A collection of brand new words and phrases have been brought to bear. Out goes the Omni and in comes the obfuscation. God is now the ‘Ground of all Being’ he is the ‘Ultimate Reality’. He is unfathomable, ineffable and unknowable. He is woollier than a champion sheep. Let Dawkins try and shear him now. The trouble is that if rationalists can’t get to grips with such an elusive customer, then his befuddled apologists can’t either. As Freddy Ayer has said in Language Truth and Logic: if things are unknowable there is no point in entering into further discussion. After all, unknowability and nothingness have much in common. So ‘Blurry God’ as I shall dub this ineffable creature won’t let the religious off the hook. Nice try Don Cupitt, Paul Tillich and the rest, but it must be Omnigod or nothing.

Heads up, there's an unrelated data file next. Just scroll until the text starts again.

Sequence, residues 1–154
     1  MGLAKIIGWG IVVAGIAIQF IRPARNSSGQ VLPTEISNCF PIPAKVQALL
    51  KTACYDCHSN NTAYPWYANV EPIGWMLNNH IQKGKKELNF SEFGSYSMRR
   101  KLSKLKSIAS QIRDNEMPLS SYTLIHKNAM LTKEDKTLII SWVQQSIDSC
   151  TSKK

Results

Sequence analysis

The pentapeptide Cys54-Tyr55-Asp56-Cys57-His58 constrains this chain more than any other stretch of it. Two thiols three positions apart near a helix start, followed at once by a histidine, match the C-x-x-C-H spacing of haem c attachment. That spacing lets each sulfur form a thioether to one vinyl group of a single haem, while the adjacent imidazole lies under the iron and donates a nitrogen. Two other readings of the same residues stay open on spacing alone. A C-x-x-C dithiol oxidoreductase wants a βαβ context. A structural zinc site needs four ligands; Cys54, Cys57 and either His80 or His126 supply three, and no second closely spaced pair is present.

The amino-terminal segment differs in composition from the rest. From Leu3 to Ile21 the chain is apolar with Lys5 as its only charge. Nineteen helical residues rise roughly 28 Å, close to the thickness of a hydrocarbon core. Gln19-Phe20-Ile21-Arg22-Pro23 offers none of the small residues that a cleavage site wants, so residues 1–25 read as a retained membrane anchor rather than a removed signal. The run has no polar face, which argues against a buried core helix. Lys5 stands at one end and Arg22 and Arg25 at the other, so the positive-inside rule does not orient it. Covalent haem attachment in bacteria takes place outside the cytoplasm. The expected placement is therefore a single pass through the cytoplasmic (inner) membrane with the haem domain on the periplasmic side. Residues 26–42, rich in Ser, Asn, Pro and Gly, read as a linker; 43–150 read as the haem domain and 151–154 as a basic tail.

But boy, oh boy is Omnigod on thin ice these days! When he was the idol of the desert tribes his fiefdom was restricted to the sun, the moon and pancake earth. The size of real estate a god worth his salt could manage. But, it turns out, the acreage has grown. Let me give you two remarkable statistics: there are more stars in the universe than there are grains of sand on all the beaches of the earth. And more staggering still: light from the exploding star GRB 090423 has taken 13 billion years travelling at the speed of light to reach us. (To give you an idea of the magnitude of 13 billion you would not reach that number if you counted uninterruptedly for more than 400 years). Bearing in mind that a single light-year represents a distance of 6000 billion miles this would tend to hint at the insignificance of our otherwise so self-important little planet earth.